Tuesday 13 July 2010

Lightly Spiced South African Guava Ice Cream

The perfume of fresh guavas drifting through a warm kitchen is one of the quintessential scents of a South African childhood. It's impossible to describe the scent of a perfectly ripe guava to someone who hasn't experienced the coral-pink deliciousness of this most luscious fruit, which you'll find piled high in supermarkets, and on roadside stalls, during South Africa's winter months.

Lightly Spiced South African Guava Ice Cream
I've always taken guavas for granted - as children, we ate them fresh in bucketloads, and tinned guavas with tinned Ideal Milk (another classic South African treat; recipes here) - were a staple dessert in our household. I was interested, then, to read the comments about the rarity of guavas by an American intern working in South Africa during the World Cup. In her article Ten South African Things I Wish They Had in the USA, Samantha Hermann writes: 'In the US, guava is a rare, tropical, and expensive fruit. Here you can get fresh guava, guava juice, guava yogurt, dried guava, and the list goes on. As a guava lover, I am quite envious of South Africa in this regard.'

You may be wondering what has possessed me to want to make ice cream in the middle of winter.  Well, this is when guavas are in season in South Africa and, besides, there are many winter days here in Cape Town that are sunny and mild enough to warrant whipping out the ice cream machine.  (If you don't have such a gadget, use the freeze-and-beat method, which will result in a slightly crystalline but still most delicious ice).

This is a light, sugar-syrup-based ice cream with just a touch of cream (you can use yoghurt if you're watching calories). I have added a a stick of cinnamon and a star anise to the sugar syrup to give the ice cream a slight spiciness, but you can leave these out altogether if you would prefer a cold blast of pure guava flavour.

Lightly Spiced South African Guava Ice Cream
1½ cups (375 ml) water
1 cup (250 ml) white granulated sugar
one whole star anise
one 4-cm quill of cinnamon
one thumb-sized strip of fresh lemon zest, white pith removed
8 ripe guavas
2 tsp (10 ml) freshly squeezed lemon juice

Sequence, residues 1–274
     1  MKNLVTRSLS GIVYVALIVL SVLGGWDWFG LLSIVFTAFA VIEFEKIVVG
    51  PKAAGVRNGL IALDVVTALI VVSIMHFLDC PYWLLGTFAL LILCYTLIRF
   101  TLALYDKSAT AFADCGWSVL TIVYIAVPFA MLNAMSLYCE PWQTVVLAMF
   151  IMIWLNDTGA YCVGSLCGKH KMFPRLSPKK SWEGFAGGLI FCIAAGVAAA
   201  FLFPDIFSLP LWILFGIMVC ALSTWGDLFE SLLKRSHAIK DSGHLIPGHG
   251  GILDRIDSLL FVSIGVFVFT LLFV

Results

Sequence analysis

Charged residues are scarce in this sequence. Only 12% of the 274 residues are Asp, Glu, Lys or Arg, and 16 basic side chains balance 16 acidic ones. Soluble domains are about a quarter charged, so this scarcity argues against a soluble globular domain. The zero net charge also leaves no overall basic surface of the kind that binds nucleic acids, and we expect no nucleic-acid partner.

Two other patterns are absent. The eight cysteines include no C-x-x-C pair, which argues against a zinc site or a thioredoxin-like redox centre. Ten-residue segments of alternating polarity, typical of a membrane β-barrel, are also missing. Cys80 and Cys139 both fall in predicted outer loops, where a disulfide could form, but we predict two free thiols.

75 ml cream or plain white yoghurt

Put the water, sugar, star anise, cinnamon and lemon zest into a saucepan and bring slowly to the boil, stirring occasionally. Simmer for 10 minutes, or until the sugar syrup is quite clear.  Set aside to cool completely, then place in the fridge for an hour or two, or until cold.  Top and tail the guavas, but do not peel. Cut into chunks and place in a liquidiser, or a food processor fitted with a metal blade. Whizz to a rough purée.  Tip the purée into a sieve set over a large bowl and, using the back of a soup ladle to press vigorously down on the pulp, strain off the liquid. Discard the pulp and seeds. Strain the chilled sugar syrup into the bowl containing the strained guava (discard the spices and lemon peel). Add the lemon juice and cream (or yoghurt), and stir well to combine. Place the mixture in the bowl of an ice cream machine and churn until done (or use the freeze-and-beat method). 

Serve the ice cream in chilled glasses (place them in the freezer an hour before you serve the dessert).

Serves 6 - 8
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Nina Timm said...

I love the smell of guavas in the house, especially my mom's house, it just fits there. In My house, I would prefer this delicsh ice-cream!!!

Marisa said...

Lovely! This is certainly a unique ice cream flavour and was similarly surprised that guavas are so rare in the US. Guess not everything is bigger & better over there... ;-)

Anonymous said...

I love poached guava's with star anise - so this should be right up my alley!

Kit said...

Great, another tasty way to use guavas. I'm going to try this very soon as our guava trees are prolific this year.
I've made a guava parfait with cardamom which was delicious, but never tried star anise with guavas, so another combination to explore.
Guavas taste like nothing in the UK either. I think they are big in South America, as a Brazilian friend uses them a lot.

Koek! said...

Well I understand what has possessed you to want to make ice cream in the middle of winter... My latest post is also an ice cream recipe! Love this one, too. I think it's a year-round treat...

Maryon said...

Would this work with tinned guavas?

We never get guavas here in the UK and when we do they are poor little hard green excuses for the fruit!
A much missed SA delicacy.

Jane-Anne said...

Thanks for the lovely comments all. Kit, how lucky are you to have your own guava trees? Love the idea of guavas with cardamom. Maryon, I think this will work very well with tinned guavas - let me know how it works out.

La Ratita said...

Delicious ice cream! It's really fantastic! And here, in Spain, with the hot weather we are having, we would be delighted to have one of those:)
Kisses from La Ratita

Cynthia said...

Juno, you are spot on with this comment: t's impossible to describe the scent of a perfectly ripe guava to someone who hasn't experienced the coral-pink deliciousness of this most luscious fruit... I love guavas and when they are ripe, the aroma envelopes and transports you. Love the stuff!

I've never tried making ice cream with it though it was on my list to experiment. Thanks for sharing that recipe. I hope to make some as soon as I can put my hands on some guavas, now coming in to season here.

Thanks for stopping by. I've subscribed to your feed.

Chantel said...

This is a great blog! I'm so pleased i stumbled upon it! This ice cream sounds divine! I'll have to try it!

Deeba PAB said...

Hey there Juno... love your style of writing and your blog. This is the first I've heard of guava ice cream, and I'm VERY intrigued. India is as tropical as SA, and so guavas as available almost round the year! Sounds like a great idea!